ST. PETERSBURG -- Sunday was the first time Alex Cobb stood on the pitcher's mound at Tropicana Field since he suffered a concussion when he was hit in the head by a line drive off the bat of Kansas City's Eric Hosmer on June 15.
Fans were already filtering into the stadium while the entire starting rotation, manager Joe Maddon, executive vice president of baseball operations Andrew Friedman and senior baseball advisor Don Zimmer lined up along the back of the batting cage to see Cobb throw to live hitters for the first time.
"I wanted it to be game-like, and I think we accomplished that feat," Cobb said "There's no shyness of the ball coming back to me. I'm happy with that."
Cobb threw about 40 pitches without a screen in front of him, tossing to outfielder Sam Fuld and clubhouse manager Chris Westmoreland.
He showed no hesitation in delivering his first pitch to a batter since the one that resulted in him spending a night in the hospital.
"That happened on one pitch, and I've thrown millions of other pitches," Cobb said. "The subconscious remembers the good ones, not just the one bad one. It's not going to be in my thought process when I'm on the mound now or in the future. I'm fortunate in that."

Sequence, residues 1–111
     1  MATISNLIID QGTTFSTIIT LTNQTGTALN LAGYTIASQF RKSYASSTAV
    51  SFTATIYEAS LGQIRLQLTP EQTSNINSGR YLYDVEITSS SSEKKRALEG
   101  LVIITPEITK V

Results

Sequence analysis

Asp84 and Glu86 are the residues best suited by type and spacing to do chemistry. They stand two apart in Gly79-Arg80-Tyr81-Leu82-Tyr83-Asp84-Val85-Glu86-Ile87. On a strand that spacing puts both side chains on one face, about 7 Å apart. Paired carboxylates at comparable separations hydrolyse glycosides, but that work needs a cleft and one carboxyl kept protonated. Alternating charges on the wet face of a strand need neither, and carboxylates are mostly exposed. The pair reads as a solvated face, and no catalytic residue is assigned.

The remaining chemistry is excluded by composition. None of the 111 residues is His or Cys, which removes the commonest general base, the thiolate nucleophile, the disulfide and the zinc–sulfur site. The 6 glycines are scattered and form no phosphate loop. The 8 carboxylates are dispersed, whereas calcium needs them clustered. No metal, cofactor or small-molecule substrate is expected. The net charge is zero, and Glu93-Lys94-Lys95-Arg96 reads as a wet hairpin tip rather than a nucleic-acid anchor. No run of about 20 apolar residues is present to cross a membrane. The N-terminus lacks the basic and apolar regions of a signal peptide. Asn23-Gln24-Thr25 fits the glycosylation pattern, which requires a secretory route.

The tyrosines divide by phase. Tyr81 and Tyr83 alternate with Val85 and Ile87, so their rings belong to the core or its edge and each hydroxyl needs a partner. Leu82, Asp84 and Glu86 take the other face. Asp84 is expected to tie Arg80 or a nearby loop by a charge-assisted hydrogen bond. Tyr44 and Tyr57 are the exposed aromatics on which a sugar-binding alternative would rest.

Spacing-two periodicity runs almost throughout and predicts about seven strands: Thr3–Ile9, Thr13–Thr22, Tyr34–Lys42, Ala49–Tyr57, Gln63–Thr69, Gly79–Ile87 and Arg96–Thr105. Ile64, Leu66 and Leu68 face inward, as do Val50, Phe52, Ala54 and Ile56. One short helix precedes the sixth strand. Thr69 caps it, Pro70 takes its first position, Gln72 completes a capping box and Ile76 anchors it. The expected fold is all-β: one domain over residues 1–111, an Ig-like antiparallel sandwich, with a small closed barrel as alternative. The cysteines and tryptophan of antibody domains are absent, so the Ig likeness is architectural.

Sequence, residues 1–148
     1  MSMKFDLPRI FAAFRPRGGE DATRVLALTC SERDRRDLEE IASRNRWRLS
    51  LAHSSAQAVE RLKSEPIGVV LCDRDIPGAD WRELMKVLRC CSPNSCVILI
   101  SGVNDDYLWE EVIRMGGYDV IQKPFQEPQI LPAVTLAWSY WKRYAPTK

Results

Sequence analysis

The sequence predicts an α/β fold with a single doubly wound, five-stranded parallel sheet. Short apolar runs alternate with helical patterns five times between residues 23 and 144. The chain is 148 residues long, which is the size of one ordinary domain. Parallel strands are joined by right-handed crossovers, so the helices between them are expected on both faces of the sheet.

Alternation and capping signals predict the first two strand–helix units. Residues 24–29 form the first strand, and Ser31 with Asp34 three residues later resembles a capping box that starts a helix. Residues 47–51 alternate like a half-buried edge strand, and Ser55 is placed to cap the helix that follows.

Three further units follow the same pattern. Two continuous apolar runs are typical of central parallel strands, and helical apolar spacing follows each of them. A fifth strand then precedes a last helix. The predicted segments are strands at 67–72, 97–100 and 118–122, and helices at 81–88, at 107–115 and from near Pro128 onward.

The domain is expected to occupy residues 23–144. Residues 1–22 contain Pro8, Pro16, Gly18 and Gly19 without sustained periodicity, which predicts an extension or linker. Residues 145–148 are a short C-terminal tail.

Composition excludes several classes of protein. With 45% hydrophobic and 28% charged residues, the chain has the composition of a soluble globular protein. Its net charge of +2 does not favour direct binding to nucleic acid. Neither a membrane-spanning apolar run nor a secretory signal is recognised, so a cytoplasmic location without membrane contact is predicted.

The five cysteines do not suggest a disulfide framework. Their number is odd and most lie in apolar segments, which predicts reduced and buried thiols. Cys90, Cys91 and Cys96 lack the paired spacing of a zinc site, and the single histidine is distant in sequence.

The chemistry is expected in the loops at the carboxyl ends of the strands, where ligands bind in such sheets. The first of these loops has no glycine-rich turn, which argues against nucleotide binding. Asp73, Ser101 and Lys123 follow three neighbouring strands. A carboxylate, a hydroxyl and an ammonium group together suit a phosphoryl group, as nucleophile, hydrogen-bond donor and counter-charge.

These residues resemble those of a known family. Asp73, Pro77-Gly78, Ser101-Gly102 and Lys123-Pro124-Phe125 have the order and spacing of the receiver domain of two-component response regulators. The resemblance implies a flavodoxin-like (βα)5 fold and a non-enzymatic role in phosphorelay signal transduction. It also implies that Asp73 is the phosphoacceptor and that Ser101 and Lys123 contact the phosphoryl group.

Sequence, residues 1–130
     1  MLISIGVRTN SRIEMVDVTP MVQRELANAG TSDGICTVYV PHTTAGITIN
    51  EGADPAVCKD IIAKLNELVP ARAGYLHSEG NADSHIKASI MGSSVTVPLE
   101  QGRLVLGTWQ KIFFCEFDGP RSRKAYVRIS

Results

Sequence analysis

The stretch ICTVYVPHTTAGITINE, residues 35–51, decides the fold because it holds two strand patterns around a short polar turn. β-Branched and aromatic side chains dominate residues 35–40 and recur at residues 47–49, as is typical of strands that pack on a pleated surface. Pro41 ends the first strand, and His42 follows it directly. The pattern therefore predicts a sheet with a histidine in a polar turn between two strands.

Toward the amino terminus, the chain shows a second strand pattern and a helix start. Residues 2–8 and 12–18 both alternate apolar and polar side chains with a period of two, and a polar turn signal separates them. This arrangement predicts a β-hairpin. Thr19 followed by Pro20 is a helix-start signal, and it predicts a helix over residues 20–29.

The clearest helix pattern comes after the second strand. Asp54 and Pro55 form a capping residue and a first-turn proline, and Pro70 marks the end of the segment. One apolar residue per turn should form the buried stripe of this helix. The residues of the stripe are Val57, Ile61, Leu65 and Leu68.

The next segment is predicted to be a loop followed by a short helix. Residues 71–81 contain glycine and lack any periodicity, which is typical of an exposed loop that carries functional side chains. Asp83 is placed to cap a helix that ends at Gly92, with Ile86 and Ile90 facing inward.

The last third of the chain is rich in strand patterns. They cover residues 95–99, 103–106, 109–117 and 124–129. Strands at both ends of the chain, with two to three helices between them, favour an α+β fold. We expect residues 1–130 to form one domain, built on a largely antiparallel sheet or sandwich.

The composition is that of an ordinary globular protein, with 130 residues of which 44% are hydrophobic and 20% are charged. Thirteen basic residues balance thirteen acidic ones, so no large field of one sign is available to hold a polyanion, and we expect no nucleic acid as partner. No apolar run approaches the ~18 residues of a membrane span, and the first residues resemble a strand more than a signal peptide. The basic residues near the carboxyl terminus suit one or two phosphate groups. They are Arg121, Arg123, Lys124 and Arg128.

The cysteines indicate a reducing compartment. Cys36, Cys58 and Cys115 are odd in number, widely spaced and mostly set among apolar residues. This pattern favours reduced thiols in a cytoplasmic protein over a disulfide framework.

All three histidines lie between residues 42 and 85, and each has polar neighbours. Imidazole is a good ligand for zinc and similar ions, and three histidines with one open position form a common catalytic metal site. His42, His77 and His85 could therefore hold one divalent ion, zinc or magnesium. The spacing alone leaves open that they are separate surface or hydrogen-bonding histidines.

Cobb was met with a cheer from the small crowd and chest bumps from his teammates as he crossed the chalk on his way back to the dugout.
"It's amazing how quickly you forget how to pitch, and once batters get in there, the intensity goes up a little bit," Cobb said. "Body parts start flying in different directions that you aren't used to, and it takes a little while to get settled down. Toward the end of my session right there, it got a lot better. I was happy with it."
No official date has been set for Cobb's return, but he plans to throw a similar session in Port Charlotte -- home of the Rays' Class A affiliate -- on Thursday. He had previously mentioned an early-August return as a realistic goal.
Cobb was 6-2 with a 3.01 ERA before the injury in his second full Major-League season.
Sam Strong is an associate reporter for MLB.com. This story was not subject to the approval of Major League Baseball or its clubs.